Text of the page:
Due to the increased restrictions and concerns over the coronavirus (Covid-19), we have decided to postpone our upcoming luncheon Moving Toward Resilience scheduled for March 31. There’s much to share about the long term health of children and families experiencing homelessness, and we hope to reschedule this session in June.
The Edgerley Center for Civic Leadership
at The Boston Foundation
75 Arlington Street, 3rd floor, Boston
Please RSVP to Melissa Robbins at email@example.com.
With the help of research being conducted in partnership with Harvard’s T.H. Chan School of Public Health, Horizons is working to better understand what interventions result in desirable outcomes. Through the Family Partnerships Program, Horizons works directly with family members to build skills and resilience so they can be the strong and stable parent their child needs. While our work with children remains paramount, we also recognize that parents are the greatest single factor in their child’s future success.
As the Sumner and Esther Feldberg Professor of Maternal and Child Health at the Harvard Chan School, he received both his medical and sociological degree from the University of Bonn, Germany, and his PhD from the Erasmus University in Rotterdam, Netherlands. Tiemeier is a psychiatric epidemiologist who studies child development in population-based studies. His work has a focus on prenatal exposures such as maternal depression and substance use. Much of his work takes a neurodevelopmental approach and his group conducted large scale brain imaging studies in children and adolescents. Recent work shows how parenting and environmental risk factors relate to brain development in childhood and pre-adolescence. Other studies highlight methodological problems in child and adolescent psychiatric research using multi-informant assessments. His multidisciplinary work combining epidemiology, genetics, brain imaging, and child development bridges historically separate disciplines and forms Population Neuroscience. He has conducted large scale birth cohorts from fetal life onwards as well as follow-up studies of international adoptees with exposure to early life trauma and abuse.
At the Harvard TH Chan School of Public Health he conducts cohort studies of preterm children and engages with Horizons for Homeless Children to set up a study of homeless families focusing on resilience and family factors that determine the long term outcomes of vulnerable children. Tiemeier has received several honors among which the Dutch VICI prize and the 2019 Leon Eisenberg Award.
With over 25 years of experience working with at risk and vulnerable populations, Ayesha joined the team of Horizons for Homeless Children in the position of Director of Family Partnerships in 2016. In previous roles, Ayesha worked with organizations such as Crittenton Hastings House, The Dimock Center, Dudley Street Neighborhood Initiative, and Boston Public Schools. Ayesha also participated as the Dudley neighborhood lead organizer for Thrive in 5, was a member of Mayor Walsh’s Universal Pre-K Advisory Committee, and was selected by Mayor Menino to sit on the interview committee for the superintendent of Boston Public Schools. Throughout her career, Ayesha has dedicated herself to the service of diverse families and communities within the Boston and Greater Boston area. She brings a strengths based, culturally rich lens to the work. Ayesha received a Bachelor’s Degree from Simmons University. She is a proud Bostonian with strong Caribbean roots who takes great pride in her family.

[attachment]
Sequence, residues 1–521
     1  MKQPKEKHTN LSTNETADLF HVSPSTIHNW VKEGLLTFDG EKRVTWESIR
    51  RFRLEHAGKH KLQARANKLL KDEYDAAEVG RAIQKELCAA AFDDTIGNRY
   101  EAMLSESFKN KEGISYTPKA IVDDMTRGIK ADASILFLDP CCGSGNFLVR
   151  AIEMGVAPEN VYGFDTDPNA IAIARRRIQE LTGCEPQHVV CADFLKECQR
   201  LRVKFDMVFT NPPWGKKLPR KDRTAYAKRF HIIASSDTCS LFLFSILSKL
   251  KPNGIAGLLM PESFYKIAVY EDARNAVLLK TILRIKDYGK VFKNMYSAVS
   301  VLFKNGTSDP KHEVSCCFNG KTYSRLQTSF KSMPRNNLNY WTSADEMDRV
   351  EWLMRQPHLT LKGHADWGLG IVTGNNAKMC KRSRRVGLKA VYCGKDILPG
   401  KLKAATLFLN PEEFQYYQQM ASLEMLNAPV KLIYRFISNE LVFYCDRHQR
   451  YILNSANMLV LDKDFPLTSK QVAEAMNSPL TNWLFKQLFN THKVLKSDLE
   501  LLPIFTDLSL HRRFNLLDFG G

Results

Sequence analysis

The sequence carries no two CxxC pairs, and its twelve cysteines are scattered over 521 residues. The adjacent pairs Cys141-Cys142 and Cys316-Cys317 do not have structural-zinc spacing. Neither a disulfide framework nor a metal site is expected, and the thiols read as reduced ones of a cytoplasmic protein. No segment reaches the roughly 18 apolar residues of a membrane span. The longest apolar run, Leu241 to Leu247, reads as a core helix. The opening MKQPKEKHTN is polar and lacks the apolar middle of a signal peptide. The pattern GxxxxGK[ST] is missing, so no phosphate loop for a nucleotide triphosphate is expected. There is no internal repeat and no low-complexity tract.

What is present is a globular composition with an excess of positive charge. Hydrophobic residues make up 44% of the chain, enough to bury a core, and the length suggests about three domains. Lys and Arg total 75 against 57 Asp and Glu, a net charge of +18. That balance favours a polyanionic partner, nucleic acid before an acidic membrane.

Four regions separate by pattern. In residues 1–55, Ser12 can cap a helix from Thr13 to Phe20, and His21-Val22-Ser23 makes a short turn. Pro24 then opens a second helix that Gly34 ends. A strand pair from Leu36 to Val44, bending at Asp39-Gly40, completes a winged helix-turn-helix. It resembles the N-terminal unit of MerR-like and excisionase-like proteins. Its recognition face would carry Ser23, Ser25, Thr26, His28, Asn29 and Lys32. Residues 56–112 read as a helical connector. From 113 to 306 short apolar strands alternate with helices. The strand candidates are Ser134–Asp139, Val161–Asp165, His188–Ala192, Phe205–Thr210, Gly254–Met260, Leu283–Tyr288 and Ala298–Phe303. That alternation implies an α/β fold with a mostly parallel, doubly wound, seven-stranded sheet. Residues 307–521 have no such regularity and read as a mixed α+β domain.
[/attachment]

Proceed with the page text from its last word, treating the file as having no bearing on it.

Since joining Horizons in 2016 as a Family Advocate, Foluke has worked closely with families to coach them, helping parents create and achieve goals to improve their families' lives. During this process, she works to connect them with supportive community resources beneficial to children and their families.
For more than 15 years, Foluke has worked with children and families in the Boston area. After receiving her B.A in Sociology at UMass Amherst, she worked with The Home for Little Wanderers and Roxbury Youthworks in partnership with the Department of Youth Services and the Department of Children and Families. Foluke's passion is people and her aim is to help Horizons' families win in breaking the cycle of homelessness so they can achieve their personal goals.
Before taking the helm at Horizons in 2016, Kate contributed as a strategy consultant and operating manager in the finance and technology sectors. She worked with C-suite and executive teams of financial institutions, Fortune 500 companies and nonprofit organizations to define new strategies, develop marketing programs and realign business processes to increase efficiencies. Kate was the Founder and Chief Marketing Officer of Clareon Corporation the first online business-to-business payment engine sanctioned by the US Treasury. She also led Strategic Planning and Global Strategic Marketing at BankBoston. During her time in banking, she served on the Board of Directors at Horizons for 14 years. Immediately following her time on the Board, she deepened her involvement at Horizons by becoming a Playspace Activity Leader. Kate’s passion for children and families battling homelessness has been a meaningful part of her entire career. Kate holds a BA in Early Childhood Development from the Eliot-Pearson Department at Tufts University and an MBA from Boston University. She currently serves on the Board of Directors at the Massachusetts Association of Early Education (MADCA.) Kate was the winner of two Silver Stevie® Awards in the 2017 Stevie Awards for Women in Business. Kate was recognized in the Female Executive of the Year (Government or Non-Profit) and Woman of the Year (Government or Non-Profit) categories. Kate resides in Beverly with her husband and enjoys spending time with her three grown children.